Fractured Jaw Repair in Small Dog

This is Sugar who suffered a broken jaw due to advanced periodontal disease. She had been seen at her family vet after being involved in a dog fight.  He had sedated Sugar to fully evaluate the fracture and had extracted the very loose molar in the area. Once he realized the jaw was fractured, he referred her to Veterinary Dental Specialties and Oral Surgery for care.

On oral exam it was found that she had a fractured right mandible.  She was placed under general anesthesia and a complete oral exam was performed. This confirmed the fracture (Image 1), where the extraction site had been sutured (Image 1).

Pre-operative dental picture of the partially closed extraction site of the mandibular right first molar (409).

In addition, there was significant periodontal loss throughout the mouth (Images 2 and 3).

Intraoral dental pictures of the maxillary left premolars and right incisors demonstrating widespread periodontal loss.

Intraoral dental pictures of the maxillary left premolars and right incisors demonstrating widespread periodontal loss.

A dental radiograph was exposed of the area which confirmed the fracture at the caudal edge of the distal root of the first molar. (Image 4)  Interestingly, it was quite a longitudinal fracture, which is rare in the mandible.  Because of this large area of overlap of the pieces allowed for fixation with a single cerclage wire as opposed to anything requiring making holes in the bone.

Pre-operative dental radiograph of the mandibular right first molar area showing the empty alveolus (blue lines, periodontal loss (yellow arrows), and longitudinal fracture line (red arrows).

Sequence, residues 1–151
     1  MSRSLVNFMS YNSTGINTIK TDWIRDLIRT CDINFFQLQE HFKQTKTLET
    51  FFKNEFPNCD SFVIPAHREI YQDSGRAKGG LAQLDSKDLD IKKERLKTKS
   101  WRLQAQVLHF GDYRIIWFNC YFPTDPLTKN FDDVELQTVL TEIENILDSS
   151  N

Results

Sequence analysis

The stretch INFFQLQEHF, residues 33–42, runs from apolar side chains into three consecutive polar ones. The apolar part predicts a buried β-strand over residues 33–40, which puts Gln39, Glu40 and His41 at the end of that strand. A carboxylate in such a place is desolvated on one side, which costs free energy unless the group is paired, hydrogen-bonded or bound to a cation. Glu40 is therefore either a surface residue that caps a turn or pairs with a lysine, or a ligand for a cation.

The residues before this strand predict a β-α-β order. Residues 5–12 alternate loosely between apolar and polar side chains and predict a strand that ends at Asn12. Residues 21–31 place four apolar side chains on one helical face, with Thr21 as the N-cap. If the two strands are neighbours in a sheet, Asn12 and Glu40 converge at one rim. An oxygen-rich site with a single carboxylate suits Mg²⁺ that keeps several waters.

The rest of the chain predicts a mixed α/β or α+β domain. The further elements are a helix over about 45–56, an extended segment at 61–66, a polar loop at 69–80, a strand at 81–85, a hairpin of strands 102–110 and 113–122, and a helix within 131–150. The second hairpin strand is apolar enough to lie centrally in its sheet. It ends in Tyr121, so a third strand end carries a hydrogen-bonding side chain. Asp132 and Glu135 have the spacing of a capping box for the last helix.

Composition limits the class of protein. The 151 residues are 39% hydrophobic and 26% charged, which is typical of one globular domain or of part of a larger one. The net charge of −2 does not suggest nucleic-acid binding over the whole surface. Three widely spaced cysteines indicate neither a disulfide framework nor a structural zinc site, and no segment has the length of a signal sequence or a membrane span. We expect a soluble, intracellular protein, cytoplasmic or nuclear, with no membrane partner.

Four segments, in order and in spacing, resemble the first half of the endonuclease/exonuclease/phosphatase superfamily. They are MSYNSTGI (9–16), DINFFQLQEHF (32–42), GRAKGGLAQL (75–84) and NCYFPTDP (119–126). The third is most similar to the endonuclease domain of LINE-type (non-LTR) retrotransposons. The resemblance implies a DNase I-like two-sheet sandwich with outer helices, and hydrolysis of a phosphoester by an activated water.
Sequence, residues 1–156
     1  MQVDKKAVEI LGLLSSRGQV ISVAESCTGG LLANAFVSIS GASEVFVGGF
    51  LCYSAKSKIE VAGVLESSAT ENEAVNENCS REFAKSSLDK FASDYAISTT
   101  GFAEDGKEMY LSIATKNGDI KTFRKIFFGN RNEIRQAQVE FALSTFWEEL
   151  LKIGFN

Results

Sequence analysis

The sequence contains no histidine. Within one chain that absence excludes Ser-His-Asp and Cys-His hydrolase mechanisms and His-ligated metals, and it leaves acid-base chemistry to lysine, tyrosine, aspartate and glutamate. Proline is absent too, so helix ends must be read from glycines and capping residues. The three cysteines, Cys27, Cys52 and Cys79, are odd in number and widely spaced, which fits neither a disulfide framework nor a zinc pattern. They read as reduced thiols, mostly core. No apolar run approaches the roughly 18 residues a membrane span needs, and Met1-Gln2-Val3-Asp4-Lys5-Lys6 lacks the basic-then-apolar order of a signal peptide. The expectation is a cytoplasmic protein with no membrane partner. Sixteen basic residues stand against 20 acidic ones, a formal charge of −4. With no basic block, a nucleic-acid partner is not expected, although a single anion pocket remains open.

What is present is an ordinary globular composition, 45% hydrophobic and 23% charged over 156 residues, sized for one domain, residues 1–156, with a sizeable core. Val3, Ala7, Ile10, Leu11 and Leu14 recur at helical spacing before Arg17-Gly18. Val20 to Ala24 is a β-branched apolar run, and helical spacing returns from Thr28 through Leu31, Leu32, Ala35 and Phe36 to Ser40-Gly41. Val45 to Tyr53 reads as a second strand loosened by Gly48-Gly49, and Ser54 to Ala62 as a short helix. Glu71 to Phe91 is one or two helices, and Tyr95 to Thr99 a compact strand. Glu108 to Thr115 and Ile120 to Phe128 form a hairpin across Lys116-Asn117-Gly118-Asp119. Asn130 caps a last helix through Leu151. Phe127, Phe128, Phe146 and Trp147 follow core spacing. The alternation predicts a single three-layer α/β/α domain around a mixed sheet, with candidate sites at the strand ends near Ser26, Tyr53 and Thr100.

The cerclage wire was placed and the post-op radiograph revealed excellent reduction and fixation. (Image 5)

Post-operative dental radiograph of the cerclage wire showing excellent reduction and apposition.

Recovery was uneventful, and the patient went home and healed with no complications.

7 weeks later, Sugar was represented for wire removal.  She had healed very well and outwardly was normal. She was placed under general anesthesia and a complete oral exam and cleaning performed along with recheck dental radiographs. The dental radiographs confirmed excellent healing, with some apparent bony reaction to the wire.  The wire was removed and the patient discharged to normal activity.

Recheck dental radiograph revealing excellent healing with some ventral bony reaction (red arrow).

Recheck dental radiograph revealing excellent healing.

This case is one example of the excellent results that can be achieved with minimally invasive surgical techniques and a good example of why oral surgery cases are best managed by a veterinary dentist, like the ones on vetdentists.com.